In the recent years, technology has reduced our dependence on quite a lot of tangible things, especially books — like the one that’s more relevant here, and is every explorer’s best friend, India Road Atlas. As a kid, I used to spend hours looking at maps, trying to magnify the almost incomprehensible lettering on the roads, and making road-trip plans. But it so happened that roughly 12 years after I last looked something up in the atlas, I found myself turning the pages again. The impetus to make a trip was strong, and thus, instead of getting ready for work, I stuffed my bag with a few clothes, a pen drive filled with my favourite tunes and, of course, an atlas. Call it Toyota’s kindness or my luck, a Fortuner happened to be parked in my driveway. I would have been a fool, had I missed this opportunity.
And thus began my escapade — without the help of Google Maps, of course. At around 35 kilometres from my house, I ended up at a random fork. The tall signboard read Pune on the left, while on the right was Hyderabad, a mere 856 km away. You must have guessed by now which road I took.
Regardless of the roads we travelled on — which had a good mix of four- and six-lane highways, the Fortuner felt like an executive sedan, but ready to take on each and every challenge you throw at it. From the outside, it certainly looks huge, but from behind the wheel, it’s nimble, peppy, and hides its size rather wonderfully. Further icing on the cake was the fact that its thirst for fuel was well-contained.
A few hours of solid, non-stop driving later, I took a break. In most cars I’ve done long journeys in, my leg muscles start aching after similarly long stints. But in the Fortuner, with its cruise control on, and fairly light controls otherwise, there was no such issue. On drives like these, it’s equally essential to stay hydrated — and skipping meals can be dangerous, too. You can try out the roadside ‘dhabas’, but if you aren’t feeling adventurous, I believe it’s best to stick to fresh fruits, which small-scale farmers sell right next to their farms on the highways.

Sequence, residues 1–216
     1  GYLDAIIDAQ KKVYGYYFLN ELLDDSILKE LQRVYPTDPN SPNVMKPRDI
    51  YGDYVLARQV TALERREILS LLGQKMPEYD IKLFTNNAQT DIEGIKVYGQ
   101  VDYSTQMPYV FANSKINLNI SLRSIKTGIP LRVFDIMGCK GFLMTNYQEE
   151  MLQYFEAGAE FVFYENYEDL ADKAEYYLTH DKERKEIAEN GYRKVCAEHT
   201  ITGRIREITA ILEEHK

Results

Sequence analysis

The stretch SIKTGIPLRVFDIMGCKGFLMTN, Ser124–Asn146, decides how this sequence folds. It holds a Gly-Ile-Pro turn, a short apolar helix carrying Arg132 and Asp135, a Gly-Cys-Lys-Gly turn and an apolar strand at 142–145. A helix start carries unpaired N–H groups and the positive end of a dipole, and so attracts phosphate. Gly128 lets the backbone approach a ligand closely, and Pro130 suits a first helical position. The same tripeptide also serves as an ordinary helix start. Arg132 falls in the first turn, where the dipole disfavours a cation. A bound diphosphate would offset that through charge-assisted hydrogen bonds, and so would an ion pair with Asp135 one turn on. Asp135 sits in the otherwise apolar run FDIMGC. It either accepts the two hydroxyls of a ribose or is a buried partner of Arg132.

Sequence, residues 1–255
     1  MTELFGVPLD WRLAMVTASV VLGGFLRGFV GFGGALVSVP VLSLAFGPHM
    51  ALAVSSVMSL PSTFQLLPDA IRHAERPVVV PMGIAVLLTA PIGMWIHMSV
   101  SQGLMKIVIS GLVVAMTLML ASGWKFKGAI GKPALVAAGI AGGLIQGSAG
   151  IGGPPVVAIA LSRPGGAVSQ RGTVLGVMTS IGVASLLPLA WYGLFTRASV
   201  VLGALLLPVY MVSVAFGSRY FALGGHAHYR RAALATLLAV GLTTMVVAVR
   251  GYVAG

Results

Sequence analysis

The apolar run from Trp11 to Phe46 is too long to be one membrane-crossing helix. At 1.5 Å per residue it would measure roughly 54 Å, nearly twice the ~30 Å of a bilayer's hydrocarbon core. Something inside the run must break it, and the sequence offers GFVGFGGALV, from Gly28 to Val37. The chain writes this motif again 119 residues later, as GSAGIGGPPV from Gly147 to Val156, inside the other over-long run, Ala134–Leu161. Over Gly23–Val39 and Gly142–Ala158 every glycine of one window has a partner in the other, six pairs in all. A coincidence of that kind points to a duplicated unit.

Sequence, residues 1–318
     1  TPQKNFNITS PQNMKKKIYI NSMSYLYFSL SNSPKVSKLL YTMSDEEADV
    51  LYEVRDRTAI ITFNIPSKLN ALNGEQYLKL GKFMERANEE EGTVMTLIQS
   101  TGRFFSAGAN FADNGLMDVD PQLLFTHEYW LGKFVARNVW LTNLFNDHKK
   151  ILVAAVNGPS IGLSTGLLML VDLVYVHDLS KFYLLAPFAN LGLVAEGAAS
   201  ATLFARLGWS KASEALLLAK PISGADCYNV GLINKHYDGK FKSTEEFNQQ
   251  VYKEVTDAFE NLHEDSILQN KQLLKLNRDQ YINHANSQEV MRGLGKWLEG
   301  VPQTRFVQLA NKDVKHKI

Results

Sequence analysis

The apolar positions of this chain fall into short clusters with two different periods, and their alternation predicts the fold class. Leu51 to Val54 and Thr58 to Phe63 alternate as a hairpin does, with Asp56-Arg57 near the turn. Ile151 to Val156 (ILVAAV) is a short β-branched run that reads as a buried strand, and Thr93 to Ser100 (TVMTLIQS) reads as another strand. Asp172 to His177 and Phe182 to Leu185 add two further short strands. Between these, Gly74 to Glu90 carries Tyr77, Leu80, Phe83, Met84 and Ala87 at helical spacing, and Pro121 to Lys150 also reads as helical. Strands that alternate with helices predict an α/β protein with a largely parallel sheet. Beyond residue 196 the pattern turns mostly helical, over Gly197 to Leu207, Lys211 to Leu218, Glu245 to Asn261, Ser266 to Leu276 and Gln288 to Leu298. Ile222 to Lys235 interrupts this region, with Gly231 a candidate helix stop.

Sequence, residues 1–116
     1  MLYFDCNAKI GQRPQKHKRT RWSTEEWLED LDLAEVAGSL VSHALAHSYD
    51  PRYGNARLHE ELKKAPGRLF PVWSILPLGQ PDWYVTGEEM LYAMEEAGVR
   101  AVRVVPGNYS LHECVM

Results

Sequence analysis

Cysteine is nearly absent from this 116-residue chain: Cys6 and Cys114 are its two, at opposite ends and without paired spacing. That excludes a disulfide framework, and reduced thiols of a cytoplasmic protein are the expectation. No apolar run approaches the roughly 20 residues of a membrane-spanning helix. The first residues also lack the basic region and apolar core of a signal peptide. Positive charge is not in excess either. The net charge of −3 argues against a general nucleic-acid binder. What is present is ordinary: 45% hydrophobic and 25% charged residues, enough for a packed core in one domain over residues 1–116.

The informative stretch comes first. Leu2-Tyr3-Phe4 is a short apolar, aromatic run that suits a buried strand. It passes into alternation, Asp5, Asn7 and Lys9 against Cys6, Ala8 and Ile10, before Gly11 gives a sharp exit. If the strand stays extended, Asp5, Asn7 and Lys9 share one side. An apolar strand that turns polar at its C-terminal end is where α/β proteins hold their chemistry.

Now was the opportunity for us (that’s me and my trusty steed, the Fortuner) to explore a bit. Hence I decided to go off the well-laden highways, and on to some back roads. Needless to mention, the atlas, after being put to imaginary use all these years, finally helped me chalk a new route.
Going countryside might sound fun, until you realise that the badly maintained roads, sudden diversions, and even multiple dead-ends can actually spoil the fun. Thankfully, the Fortuner coped with all of those without a drop of sweat on its , erm, bonnet. To make the most of slow pace, while driving through villages, it’s best to roll down the windows and let some fresh air in. That certainly helps for someone who lives in Bombay.
The fresh wind gives your lungs a much-needed rehab. What further helps rejuvenate is the in-cabin comfort of the Fortuner. There’s certainly some body roll, but you won’t mind that, as long as it’s stable around the bends, will you?
Before Hypnos could take over, I decided to take a break for the night. Although it must be mentioned that driving at night is no ‘biggie’ for the Fortuner. A light dinner followed, and as I went to bed, closed my eyes, relishing my break, I couldn’t think of a better vehicle for such unplanned trips. The Fortuner found a very special place in my heart — right next to my favourite atlas.